Dogs that come indoors for even brief periods will seed flea eggs in your house which, given time to mature, quickly turn your house into a flea hotel. Fleas lurk in dog beds, (AND PEOPLE BEDS!), upholstery, carpeting, and even in your car! Vacuuming may even help spread the buggy bounty to other rooms in your house. That turns flea problems from a “seasonal itch” into a year round hazard.
WHY DOGS NEED
ALL YEAR HEARTWORM HELP
The weather is so mild here in Texas, that mosquitoes are year round pests, which makes canine heartworm disease a hazard all year long, for both indoor and outdoor pets. But the same is true if you live in cold northern states. Here’s why.
Dogs must be protected with a preventive heartworm treatment for at least 6 months after being last bitten by a mosquito, or you risk having heartworms develop. That’s because the medications can only kill the stages of a developing heartworm for the first ~3-4 months after a bite, and again once it becomes an adult by about 6 months after the mosquito bite.
That leaves a DANGER ZONE gap during which no drug is effective against these deadly parasites.
When an infected mosquito bites your dog in August, larvae are deposited upon the skin and gain entrance to the body through the bite wound left by the mosquito. The heartworm undergoes many more molts and development stages during the next several months, during which time it migrates inside your dog’s body.
Heartworm preventive can kill these baby worms during this migratory state, and prevent the parasite from reaching the heart and pulmonary arteries where it matures–it’s important, though, to treat a couple of months beyond the last mosquito bite of the season and on into the fall. But here’s the deal: how do you know the date of your dog’s last mosquito bite? Besides, that’s not how preventative is designed to work. Starting and stopping and missing the right timing risks your dog’s health.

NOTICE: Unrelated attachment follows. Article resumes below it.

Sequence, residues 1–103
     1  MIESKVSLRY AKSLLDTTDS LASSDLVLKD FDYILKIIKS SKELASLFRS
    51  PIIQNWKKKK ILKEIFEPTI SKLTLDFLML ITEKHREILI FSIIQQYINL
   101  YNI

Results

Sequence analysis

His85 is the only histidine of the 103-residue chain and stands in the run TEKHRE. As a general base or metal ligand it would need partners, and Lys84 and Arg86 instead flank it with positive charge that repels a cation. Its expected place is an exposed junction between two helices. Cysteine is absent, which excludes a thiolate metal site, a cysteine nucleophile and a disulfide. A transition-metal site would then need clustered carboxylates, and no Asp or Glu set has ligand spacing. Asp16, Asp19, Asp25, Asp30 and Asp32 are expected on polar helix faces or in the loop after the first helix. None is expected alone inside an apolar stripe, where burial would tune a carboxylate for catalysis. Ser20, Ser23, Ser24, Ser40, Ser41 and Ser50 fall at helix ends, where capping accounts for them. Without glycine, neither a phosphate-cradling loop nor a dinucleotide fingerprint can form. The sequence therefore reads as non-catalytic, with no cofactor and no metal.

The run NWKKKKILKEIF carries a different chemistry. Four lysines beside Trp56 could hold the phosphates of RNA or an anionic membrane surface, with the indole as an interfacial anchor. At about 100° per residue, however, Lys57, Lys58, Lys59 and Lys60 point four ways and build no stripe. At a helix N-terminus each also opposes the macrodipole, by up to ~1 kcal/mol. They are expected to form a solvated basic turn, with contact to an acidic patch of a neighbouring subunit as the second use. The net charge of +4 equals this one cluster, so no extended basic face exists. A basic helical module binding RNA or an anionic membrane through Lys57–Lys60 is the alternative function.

Think about it. If you stop giving your dog preventive for half the year during the cold season, because you’re guessing mosquitoes aren’t around, you probably won’t kill the “baby worms” already percolating for potential havoc inside your canine buddy. In my part of the country (N. Texas), mosquitoes hang around even during the winter.
Because it’s so economical to prevent this threat, yet costs major $$ (and possibly your dog’s life) if you forget a dose, it’s really a no-brainer for me. Besides, getting in the habit of a healthy routine helps you remember and never forget to give your special dogs their preventative.
The best and easiest way to protect your dog is to never skip a dose because heartworm preventative is most effective against infections that occurred in the month prior to taking the medicine. I treat Magical-Dawg year round with preventive to keep him flea and heartworm free. What about you?
Hey, did you take the SURVEY yet? Go ahead and do that now–you’ll be helping me out because your anonymous answers will become part of a fun info-graphic that I’ll share in a future post. So click this link to take the Reader Survey. And share the quiz!
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This is a sponsored conversation written by me on behalf of Virbac® Sentinel® Spectrum®. The opinions and text are all mine.